First Look At J.J. Abrams’ New USS Enterprise

Published 5 years ago by , Updated November 11th, 2008 at 9:49 pm,

new enterprise first look First Look At J.J. Abrams New USS Enterprise

Thanks to Entertainment Weekly, you are looking at the first full image of the redesigned USS Enterprise from the new Star Trek movie (you can head over there for a larger version).

As a long time Star Trek fan, whose favorite series is the original, my from-the-gut reaction when I first came across this was:

That is one ugly ship.

Here is what J.J. Abrams had to say in regards to the new design vs the original:

“If you’re going to do Star Trek there are many things you cannot change. The Enterprise is a visual touchstone for so many people. So if you’re going to do the Enterprise, it better look like the Enterprise, because otherwise, what are you doing?”

I don’t know… maybe it’ll grow on me or it will look awesome while in flight on the big screen, but at the moment it’s not doing it for me. While he went pretty “classic” with the saucer section (that’s “primary hull” for the Star Trek fans out there) the connecting pylon and the secondary (lower) hull just look… incongruous.

If I had to pick one word that comes to mind when I look at that image, it would be:

Taffy.

You know, that stretchy carnival candy? You get it warmed up and then you can pull on it and it stretches and thins? That’s what the secondary hull and the nacelles look like to me. The lower hull looks like it was molded out of clay, rolled between two hands and rolled narrower at one end.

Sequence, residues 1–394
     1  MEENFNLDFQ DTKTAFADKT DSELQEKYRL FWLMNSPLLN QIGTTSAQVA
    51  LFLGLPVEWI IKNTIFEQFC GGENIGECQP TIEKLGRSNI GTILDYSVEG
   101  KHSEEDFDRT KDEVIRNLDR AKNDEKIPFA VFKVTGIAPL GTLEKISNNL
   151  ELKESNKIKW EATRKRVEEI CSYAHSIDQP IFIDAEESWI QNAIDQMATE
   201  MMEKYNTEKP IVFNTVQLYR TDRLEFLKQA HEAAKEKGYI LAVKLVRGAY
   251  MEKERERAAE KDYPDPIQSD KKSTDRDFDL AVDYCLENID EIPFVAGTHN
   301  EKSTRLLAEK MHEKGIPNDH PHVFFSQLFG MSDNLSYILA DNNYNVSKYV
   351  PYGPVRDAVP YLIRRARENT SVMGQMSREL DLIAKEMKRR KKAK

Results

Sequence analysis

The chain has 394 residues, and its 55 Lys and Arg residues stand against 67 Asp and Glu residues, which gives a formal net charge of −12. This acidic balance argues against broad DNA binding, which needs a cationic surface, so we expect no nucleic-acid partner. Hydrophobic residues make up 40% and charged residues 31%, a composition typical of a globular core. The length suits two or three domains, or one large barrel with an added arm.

Almost exactly one year ago I wrote a speculative post asking “How radical is the USS Enterprise Redesign?

Pretty damned radical, it seems.

Here are some comparative images from that post to help put things in perspective:

The Original USS Enterprise NCC-1701
compare ncc 1701 First Look At J.J. Abrams New USS Enterprise

JJ Abrams’ Redesigned USS Enterprise NCC-1701
new enterprise flipped First Look At J.J. Abrams New USS Enterprise

The USS Enterprise NCC-1701-A
compare ncc 1701 a First Look At J.J. Abrams New USS Enterprise

Tell me the new design doesn’t look like the movie Enterprise saucer section tacked onto some completely different alien ship.

In another post, I tried to guess how a redesign of the Enterprise might equate to the modern trend of doing design updates of classic cars. As it turns out, I think my 1960s to 21st century Camaro comparison turned out to be the closest in design ideology:

Classic Camaro
60s camaro First Look At J.J. Abrams New USS Enterprise

Modern Camaro
new camaro First Look At J.J. Abrams New USS Enterprise

At the time I wrote:

“Let me say that I think the new Camaro is really, REALLY hot and from a design standpoint pays homage to the classic version, but that degree of change for the Enterprise would be completely unacceptable.”

Oh well.

Or… is it just me? Do I need to give it time to sink in and see it in action? I’d like to hear opinions from both Star Trek fans and non-fans.

[UPDATE: Thanks to "Spockboy" check out this minor change to the design via Photoshop that makes the new NCC-1701 look FAR better by adding some bulk to the lower part of the ship.]

enterprise new First Look At J.J. Abrams New USS Enterprise

Star Trek opens on May 8, 2009.

Source: EW.com via FirstShowing.net

TAGS: star trek, star trek 11

285 Comments

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  1. @ atseyes:

    Glad I could brighten your cloudy day, ‘Eyes; yes, I have been called something very close to that – usually it’s just two words – ‘cynical bastard’, lol!

    I admit, I have a hard time buying into human motives when it concernes making money, but not in humans’ ability to survive & make the most out of life through problem solving.